1

Question

Suppose that I have a list which contains two element tuples, which comprise of either further nested tuples, lists of tuples, or strings.

samp = [('coor', [('test', 'correlation'), 
        [('another', [('nest', 'one')]), ('tags', 'list')], ('threshold', 'foo')])]

>>> samp
[('coor',
  [('test', 'correlation'),
   [('another', [('nest', 'one')]), ('tags', 'list')],
   ('threshold', 'foo')])]

I also have a class, Foo, that can only properly accept a list which doesn't contain any nested lists, but can contain other Foo's.

class Foo:
    def __init__(self, li):
        self.l = li
    def __repr__(self):
        return 'Foo<{0}>'.format(str(self.l))

I want to convert my nested structure samp into one giant valid Foo, so in this case it would look like

>>> big_foo
Foo<[('coor', 
      Foo<[('test', 'correlation'), 
           Foo<[('another', 
                 Foo<[('nest', 'one')]>), 
                 ('tags', 'list')]>, 
           ('threshold', 'foo')]>
      )]>

How can I do this effectively?


My thoughts

Obviously I'm going to have to build the Foo objects going inside-out from the deepest-nesting lists. I know I can check if an element is a tuple or a list with

def is_seq(el):
    return isinstance(el, collections.abc.Sequence) and not isinstance(el, str)

and I could check if any iterable contains a list at some level of nesting with something recursive like

def contains_list(it):
    return any(isinstance(el, list) or (isinstance(el, tuple) and contains_list(el))
                for el in it)

What I'm struggling with is how I will build my new structure effectively, as tuples are immutable. Recursively building the structure inside-out doesn't seem possible because tuples, and so I'm really lost for a good approach. If there's some abstraction or module which can simplify this problem for me, I would gladly accept it.


Motivation

I'm trying to wrap an R library with pyRserve, and need a serializable Python representation of nested named member lists in R. The only similar thing that pyRserve can serialize is a TaggedList which doesn't support nesting upon construction, and so now I'm left with this problem.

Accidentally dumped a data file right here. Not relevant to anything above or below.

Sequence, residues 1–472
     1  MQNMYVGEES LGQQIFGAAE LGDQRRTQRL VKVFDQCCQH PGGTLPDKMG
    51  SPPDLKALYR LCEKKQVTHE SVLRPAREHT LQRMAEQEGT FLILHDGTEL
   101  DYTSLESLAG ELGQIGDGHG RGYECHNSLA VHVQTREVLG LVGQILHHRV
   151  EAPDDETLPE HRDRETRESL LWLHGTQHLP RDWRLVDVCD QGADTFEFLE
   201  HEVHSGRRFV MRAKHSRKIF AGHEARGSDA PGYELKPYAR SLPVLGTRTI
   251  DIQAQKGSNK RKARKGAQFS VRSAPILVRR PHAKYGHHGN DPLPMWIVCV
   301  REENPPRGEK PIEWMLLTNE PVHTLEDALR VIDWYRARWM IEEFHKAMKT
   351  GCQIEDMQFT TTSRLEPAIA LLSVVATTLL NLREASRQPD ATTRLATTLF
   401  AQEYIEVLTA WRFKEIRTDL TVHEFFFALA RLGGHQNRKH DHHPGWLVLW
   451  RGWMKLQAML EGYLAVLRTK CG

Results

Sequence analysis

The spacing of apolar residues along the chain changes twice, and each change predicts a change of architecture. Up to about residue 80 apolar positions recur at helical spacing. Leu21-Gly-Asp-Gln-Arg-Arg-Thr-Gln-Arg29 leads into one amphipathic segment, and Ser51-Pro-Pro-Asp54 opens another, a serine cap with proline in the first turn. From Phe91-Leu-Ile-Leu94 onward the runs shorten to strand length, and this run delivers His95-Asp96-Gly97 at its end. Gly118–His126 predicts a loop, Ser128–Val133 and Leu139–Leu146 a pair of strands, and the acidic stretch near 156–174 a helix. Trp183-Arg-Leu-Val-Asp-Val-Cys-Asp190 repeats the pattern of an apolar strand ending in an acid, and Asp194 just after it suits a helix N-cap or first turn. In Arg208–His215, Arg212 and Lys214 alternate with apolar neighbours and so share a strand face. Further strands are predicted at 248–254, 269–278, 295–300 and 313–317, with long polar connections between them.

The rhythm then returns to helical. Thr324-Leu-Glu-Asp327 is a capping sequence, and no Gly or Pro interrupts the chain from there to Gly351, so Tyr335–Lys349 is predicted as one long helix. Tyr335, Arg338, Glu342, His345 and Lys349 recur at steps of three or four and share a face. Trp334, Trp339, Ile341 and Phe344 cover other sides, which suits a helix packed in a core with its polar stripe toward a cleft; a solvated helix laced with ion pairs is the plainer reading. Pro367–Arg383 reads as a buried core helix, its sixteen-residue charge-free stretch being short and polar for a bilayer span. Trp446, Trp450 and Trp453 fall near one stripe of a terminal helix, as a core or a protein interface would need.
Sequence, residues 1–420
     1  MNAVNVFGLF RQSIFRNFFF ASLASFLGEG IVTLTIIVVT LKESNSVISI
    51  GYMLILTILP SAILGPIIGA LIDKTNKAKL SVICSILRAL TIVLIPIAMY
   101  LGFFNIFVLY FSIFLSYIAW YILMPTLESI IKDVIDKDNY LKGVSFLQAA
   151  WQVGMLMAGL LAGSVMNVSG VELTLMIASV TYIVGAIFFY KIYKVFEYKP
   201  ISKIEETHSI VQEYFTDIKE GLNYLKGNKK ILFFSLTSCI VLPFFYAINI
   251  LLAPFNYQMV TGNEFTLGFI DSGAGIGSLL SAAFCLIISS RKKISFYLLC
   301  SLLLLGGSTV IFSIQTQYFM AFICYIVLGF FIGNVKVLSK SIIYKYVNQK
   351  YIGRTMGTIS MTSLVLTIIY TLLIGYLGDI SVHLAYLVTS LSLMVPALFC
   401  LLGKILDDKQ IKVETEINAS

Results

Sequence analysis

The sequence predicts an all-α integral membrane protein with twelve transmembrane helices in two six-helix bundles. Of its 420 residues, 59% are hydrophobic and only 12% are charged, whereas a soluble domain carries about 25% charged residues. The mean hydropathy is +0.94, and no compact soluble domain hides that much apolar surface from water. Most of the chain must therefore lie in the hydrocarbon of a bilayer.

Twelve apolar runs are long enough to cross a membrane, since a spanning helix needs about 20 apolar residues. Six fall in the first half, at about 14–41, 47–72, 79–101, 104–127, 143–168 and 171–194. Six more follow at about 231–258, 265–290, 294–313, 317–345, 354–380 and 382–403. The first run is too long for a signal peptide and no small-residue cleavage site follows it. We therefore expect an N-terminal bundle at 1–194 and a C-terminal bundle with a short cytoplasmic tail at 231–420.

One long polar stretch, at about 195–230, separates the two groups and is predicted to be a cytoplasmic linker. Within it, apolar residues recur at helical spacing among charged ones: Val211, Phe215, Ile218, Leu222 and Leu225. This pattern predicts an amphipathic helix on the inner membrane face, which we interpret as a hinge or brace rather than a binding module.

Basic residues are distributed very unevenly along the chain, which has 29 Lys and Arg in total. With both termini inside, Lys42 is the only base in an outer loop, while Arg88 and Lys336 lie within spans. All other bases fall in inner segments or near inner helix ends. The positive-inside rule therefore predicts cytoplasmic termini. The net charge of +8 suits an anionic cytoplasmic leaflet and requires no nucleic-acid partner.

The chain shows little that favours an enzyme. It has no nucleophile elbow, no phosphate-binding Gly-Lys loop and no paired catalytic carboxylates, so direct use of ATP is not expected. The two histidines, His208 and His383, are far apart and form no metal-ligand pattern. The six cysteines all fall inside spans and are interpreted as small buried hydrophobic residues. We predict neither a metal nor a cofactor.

0
2

How about something like:

class Foo:
    def __init__(self, li):
        self.l = li
    def __repr__(self):
        return 'Foo<{0}>'.format(str(self.l))


def make_Foo(obj):
    if isinstance(obj, list):
        return Foo([make_Foo(item) for item in obj])
    elif isinstance(obj, tuple):
        return tuple(make_Foo(item) for item in obj)
    elif isinstance(obj, str):
        return obj
    else:
        raise Exception("Not implemented for type {}".format(type(obj)))

samp = [('coor', [('test', 'correlation'), 
        [('another', [('nest', 'one')]), ('tags', 'list')], ('threshold', 'foo')])]

x = make_Foo(samp)
print(x)

Output:

Foo<[('coor', Foo<[('test', 'correlation'), Foo<[('another', Foo<[('nest', 'one')]>), ('tags', 'list')]>, ('threshold', 'foo')]>)]>

Which, if you add some whitespace...

Foo<[('coor', 
    Foo<[('test', 'correlation'), 
        Foo<[('another', 
            Foo<[('nest', 'one')]>), 
            ('tags', 'list')]>, 
        ('threshold', 'foo')]>
    )]>

Closely resembles your desired output.

1
  • Ahh, this looks great. The tuple generator I was completely overlooking. Thank you Kevin! Feb 28 '17 at 21:03

Your Answer

By clicking “Post Your Answer”, you agree to our terms of service, privacy policy and cookie policy

Not the answer you're looking for? Browse other questions tagged or ask your own question.